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Dartmouth research pursues problematic polymers


"You look at the material world and see objects and how you can use them. I look at the material world and see a fascinating hidden life which is within our control, if we can only understand how it works," says Jane Lipson, the Albert W. Smith Professor of Chemistry at Dartmouth. Lipson looks at things from the point of view of both a chemist and a physicist. "What I do lies between the two sciences, and there is some engineering thrown in there, too," she says.

Lipson is a polymer chemist who, by definition, deals with long chain molecules composed of repeating structural units. She constructs mathematical models that can explain and predict the behavior of these molecules. "The math is a shortcut to the physical behavior. You look at it and it is a bunch of equations, but there is actual physical behavior in there," she says.

While many think of polymers only as plastics, these ubiquitous materials appear in many guises with which we interact daily. From our Styrofoam coffee cups to the clothes we wear, to the furniture on which we sit, and the cars in which we ride, our use of polymers is extensive.

In the industrial sector, there is a great deal of interest in optimizing the properties of existing materials for specific applications and in designing new polymers for particular uses. The applications range from drug delivery systems, to films that will purify or protect, to construction materials, to new airplane or auto components. In the search for the best, the strongest, the lightest, the most enduring polymers, Lipson and her colleagues have become polymer problem solvers who are particularly focused on outreach to experimentalists.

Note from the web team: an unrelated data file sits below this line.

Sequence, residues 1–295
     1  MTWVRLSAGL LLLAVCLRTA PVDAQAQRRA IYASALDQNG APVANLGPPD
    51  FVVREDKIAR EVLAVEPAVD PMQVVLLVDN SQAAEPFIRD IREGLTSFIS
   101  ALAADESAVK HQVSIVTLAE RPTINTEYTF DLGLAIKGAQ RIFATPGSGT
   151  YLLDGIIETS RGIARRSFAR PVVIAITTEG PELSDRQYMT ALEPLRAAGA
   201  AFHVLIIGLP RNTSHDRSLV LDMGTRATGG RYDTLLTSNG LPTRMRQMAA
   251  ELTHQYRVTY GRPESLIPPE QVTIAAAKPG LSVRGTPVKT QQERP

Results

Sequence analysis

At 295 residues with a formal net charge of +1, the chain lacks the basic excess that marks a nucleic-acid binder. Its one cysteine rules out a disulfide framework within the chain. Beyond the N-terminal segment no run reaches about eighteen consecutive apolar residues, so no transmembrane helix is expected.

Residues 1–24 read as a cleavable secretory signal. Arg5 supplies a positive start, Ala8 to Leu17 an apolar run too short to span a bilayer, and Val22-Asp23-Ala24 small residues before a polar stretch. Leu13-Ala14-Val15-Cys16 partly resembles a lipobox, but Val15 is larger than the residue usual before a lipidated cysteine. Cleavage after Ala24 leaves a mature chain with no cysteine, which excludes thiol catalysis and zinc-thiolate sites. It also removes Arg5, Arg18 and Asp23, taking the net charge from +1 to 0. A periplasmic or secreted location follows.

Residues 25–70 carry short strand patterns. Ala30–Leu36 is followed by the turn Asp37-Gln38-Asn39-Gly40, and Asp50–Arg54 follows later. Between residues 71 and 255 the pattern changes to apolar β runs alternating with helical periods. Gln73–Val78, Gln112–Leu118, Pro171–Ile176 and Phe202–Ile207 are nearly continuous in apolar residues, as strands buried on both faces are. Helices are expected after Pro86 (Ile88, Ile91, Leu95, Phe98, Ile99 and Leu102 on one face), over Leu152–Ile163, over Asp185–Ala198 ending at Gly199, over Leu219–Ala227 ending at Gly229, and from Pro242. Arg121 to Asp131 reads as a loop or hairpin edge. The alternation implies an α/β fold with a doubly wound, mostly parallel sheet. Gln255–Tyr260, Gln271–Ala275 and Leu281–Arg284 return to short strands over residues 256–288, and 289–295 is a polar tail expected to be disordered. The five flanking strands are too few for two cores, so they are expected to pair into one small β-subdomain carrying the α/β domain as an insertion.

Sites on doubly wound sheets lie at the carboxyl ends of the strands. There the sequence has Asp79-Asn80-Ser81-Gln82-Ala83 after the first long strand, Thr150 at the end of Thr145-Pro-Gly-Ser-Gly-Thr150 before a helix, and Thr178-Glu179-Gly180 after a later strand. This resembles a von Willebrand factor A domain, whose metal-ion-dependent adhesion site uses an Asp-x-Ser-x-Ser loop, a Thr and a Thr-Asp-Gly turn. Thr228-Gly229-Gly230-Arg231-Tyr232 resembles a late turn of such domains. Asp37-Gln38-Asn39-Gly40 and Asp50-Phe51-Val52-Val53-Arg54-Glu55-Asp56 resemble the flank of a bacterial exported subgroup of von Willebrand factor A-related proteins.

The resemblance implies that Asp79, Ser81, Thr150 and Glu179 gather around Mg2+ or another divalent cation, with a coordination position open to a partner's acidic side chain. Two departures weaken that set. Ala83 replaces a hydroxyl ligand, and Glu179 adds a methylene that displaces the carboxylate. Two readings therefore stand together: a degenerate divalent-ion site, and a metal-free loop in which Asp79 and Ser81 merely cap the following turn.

A polymer may be a compound, created by joining molecules together in a process not unlike gene splicing, building a pure molecular compound comprising one very large molecule. Lipson explains that creating a new polymer from scratch is hugely expensive and unpredictable. The monomers—the small molecules that link up together to make a polymer—may not even want to react to make that chain.

"The preferred alternative is to take an existing polymer that has one set of desirable properties but not everything you are looking for, and select another polymer with the properties that you also want. You try and mix the two together to make what is called a composite that exhibits additive or novel properties," says Lipson.

Both approaches, synthesizing compounds or mixing composites, can be a guessing game, opening a door for consulting chemists to impart some clarity and direction. Enter Lipson and company.

Lipson's research involves developing theories that will make predictions about what will mix and what won't mix; and if it does mix, under what conditions that will occur. Lipson says you cannot necessarily predict what the mixture's properties will be, even if you know the properties of the constituents. "You can't just add the properties together," she says. "You can't say, for instance, that this polymer melts at 100 degrees and the other polymer melts at 50 degrees, so I am just going to mix two equal amounts and they'll melt at 75 degrees. It doesn't work like that."

These are complex molecules that Lipson tries to understand and then, based on her conclusions, develop rules that can be applied to make predictions. "Part of what we do is test our predictions, then make new predictions, and apply these to more complicated systems," she says. "We try and understand molecules large and small, why they behave the way they do, and then use that to our advantage."

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